What’s the Difference? Prefinished vs. Unfinished Hardwood Flooring
If you're deciding between prefinished hardwood flooring or unfinished wood floors, consider these nine key differences to make an informed choice.
The to-do lists are long in a home renovation—and that’s before you account for unexpected tasks like running to the store to pick up a new size of fasteners or redoing a splotchy paint job. So, when it comes to installing solid or engineered wood planks for new floors, I choose prefinished hardwood floors to simplify the installation, color application, and sealing into one step among numerous other reasons. Some pros may disagree. To decide what will work best in your home, first get to know what separates the two options with these key points in the case of prefinished vs. unfinished hardwood flooring.
You can walk on your new prefinished floor immediately.
With flooring that is finished on-site using oil-based polyurethane, the homeowner must wait days, sometimes even weeks, before moving furniture back into the room. Even though the floor may be dry to the touch, it will be vulnerable to scraping until the waiting time has elapsed and the finish has fully cured. I once had to shuffle around in socks and remain furniture-less for four weeks after applying three coats of poly to a floor. (Waterborne polyurethane finishes dry to touch quickly but can have varying cure times—some quite long.)
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Prefinished floors have fewer VOCs to affect your family’s health.
For days after applying an oil-based polyurethane, you will smell and breathe in vapors from polyurethane resins and solvents. Volatile organic compounds (VOCs) have been shown to be carcinogenic, and some waterborne polyurethanes produce them, too. Why not buy prefinished so that the curing takes place in a factory, not in your living room?
No worries about dust with prefinished flooring.
Dust and errant hairs are the enemy of on-site floor finishing, often caught as the stain goes down. But these annoyances won’t have any effect on your new prefinished flooring. You will, however, need to take measures to protect prefinished floors if you have contractors tromping around with tools and equipment en route to other jobs around the house.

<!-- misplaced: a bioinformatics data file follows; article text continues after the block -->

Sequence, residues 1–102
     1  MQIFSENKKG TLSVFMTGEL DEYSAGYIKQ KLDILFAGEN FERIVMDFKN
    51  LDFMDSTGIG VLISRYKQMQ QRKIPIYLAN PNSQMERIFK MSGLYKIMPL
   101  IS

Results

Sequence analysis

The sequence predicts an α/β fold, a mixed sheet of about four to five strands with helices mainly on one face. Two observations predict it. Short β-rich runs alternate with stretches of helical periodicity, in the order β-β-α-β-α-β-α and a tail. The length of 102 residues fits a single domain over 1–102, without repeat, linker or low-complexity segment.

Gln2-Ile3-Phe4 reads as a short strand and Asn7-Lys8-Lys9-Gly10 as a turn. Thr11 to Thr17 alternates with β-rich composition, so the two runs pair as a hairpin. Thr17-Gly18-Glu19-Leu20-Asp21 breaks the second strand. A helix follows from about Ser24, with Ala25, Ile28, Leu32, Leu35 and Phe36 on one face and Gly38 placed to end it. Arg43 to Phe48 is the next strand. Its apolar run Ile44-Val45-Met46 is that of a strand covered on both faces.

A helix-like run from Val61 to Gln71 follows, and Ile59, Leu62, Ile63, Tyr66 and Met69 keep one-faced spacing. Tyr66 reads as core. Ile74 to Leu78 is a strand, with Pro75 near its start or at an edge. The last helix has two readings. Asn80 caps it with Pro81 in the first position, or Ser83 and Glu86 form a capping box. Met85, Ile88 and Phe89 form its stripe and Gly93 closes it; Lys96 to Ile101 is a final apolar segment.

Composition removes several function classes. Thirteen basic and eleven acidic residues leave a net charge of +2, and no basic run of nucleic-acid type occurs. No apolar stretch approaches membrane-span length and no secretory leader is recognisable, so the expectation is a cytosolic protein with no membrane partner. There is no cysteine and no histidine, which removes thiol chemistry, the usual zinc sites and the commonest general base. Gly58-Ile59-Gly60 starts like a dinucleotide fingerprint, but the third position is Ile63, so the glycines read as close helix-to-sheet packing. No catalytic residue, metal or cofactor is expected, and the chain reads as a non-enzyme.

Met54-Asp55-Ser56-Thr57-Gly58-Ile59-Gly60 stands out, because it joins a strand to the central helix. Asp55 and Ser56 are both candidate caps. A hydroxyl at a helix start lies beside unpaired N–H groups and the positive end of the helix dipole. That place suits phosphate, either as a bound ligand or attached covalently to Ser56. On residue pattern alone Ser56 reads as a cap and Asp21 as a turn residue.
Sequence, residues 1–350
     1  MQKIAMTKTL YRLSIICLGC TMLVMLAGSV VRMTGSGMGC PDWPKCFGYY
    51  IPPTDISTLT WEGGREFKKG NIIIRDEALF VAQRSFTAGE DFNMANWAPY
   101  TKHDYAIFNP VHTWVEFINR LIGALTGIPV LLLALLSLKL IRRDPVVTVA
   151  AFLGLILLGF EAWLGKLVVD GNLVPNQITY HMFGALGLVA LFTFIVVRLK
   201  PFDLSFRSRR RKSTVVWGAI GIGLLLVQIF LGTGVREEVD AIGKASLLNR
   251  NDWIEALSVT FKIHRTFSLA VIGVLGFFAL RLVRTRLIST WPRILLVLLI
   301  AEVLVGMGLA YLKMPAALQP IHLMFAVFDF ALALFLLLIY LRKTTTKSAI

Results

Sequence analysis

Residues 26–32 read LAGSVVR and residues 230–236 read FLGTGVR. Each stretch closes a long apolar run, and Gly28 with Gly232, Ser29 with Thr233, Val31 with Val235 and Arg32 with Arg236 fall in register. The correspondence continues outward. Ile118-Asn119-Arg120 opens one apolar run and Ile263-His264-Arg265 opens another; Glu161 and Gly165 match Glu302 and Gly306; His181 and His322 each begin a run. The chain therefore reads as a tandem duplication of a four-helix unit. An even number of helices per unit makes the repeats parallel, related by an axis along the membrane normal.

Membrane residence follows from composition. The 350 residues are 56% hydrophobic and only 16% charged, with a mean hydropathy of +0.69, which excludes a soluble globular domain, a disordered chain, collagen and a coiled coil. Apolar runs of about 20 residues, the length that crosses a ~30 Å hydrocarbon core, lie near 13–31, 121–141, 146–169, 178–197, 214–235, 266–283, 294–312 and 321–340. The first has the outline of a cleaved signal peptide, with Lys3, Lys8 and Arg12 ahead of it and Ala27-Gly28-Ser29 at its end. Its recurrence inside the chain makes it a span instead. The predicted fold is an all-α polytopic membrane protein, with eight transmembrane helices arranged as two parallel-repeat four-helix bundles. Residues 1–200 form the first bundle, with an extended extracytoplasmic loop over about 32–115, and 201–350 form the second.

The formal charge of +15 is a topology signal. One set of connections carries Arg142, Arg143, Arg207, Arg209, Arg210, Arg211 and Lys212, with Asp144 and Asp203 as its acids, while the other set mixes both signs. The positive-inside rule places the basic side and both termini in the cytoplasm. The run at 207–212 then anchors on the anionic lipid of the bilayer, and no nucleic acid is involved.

Installation of prefinished flooring can be done in one session.
There’s no necessity of staying home to complete the various stages of an on-site finishing job—sanding, sealing, staining, applying polyurethane, and so on. A crew of two had our 300-square-foot solid wood floor installed, with underlayment, in only about two hours.
Factory-applied finishes are nearly flawless
Not only are they better than what homeowners or contractors can apply on-site, but these factory-applied finishes are also incredibly durable and often come with a lifetime warranty. The Mullican red oak flooring, shown above, will stay new-looking for longer. It came with a PPG UV-cured resin and nanoparticle coating that is highly scratch- and abrasion-resistant. I can’t even scratch it with my fingernails.
Prefinished floors come at a lower cost.
Prefinished solid wood floors initially cost more than unfinished wood flooring—about $2 per square foot for a good grade of red oak. But once you factor in finishing costs, prefinished ends up being less expensive.
Okay, you’ve heard my arguments. But some homeowners and many contractors disagree with me and prefer site-finishing wood floors for the following reasons.
Unfinished floors are preferred when the space is under construction or large renovation.
Many contractors prefer to wait until the end of the job to finish the floor. That way, a dropped tool or a mortar pebble under a work boot can’t mar the finished floor—and ruin customer relations.
Starting with unfinished flooring offers a greater choice of finishes.
There is no question that the site-finished route opens up a greater variety of choices with respect to color and shade. Prefinished products, however, come in more species and stains than ever before.
Unlike prefinished floorboards, unfinished boards have no bevels.
Prefinished floorboards usually have micro-bevels on all edges. These bevels hide slight discrepancies between board depths and widths. Inevitably, some homeowners will prefer the flush look of site-sanded floors, as they feature no such grooves and can be finished to a mirror-like surface.
What’s your preference? Perhaps the hassles of site-finishing will be worth it to you—for one or all of the reasons above. But for homeowners like me, prefinished floors are the future.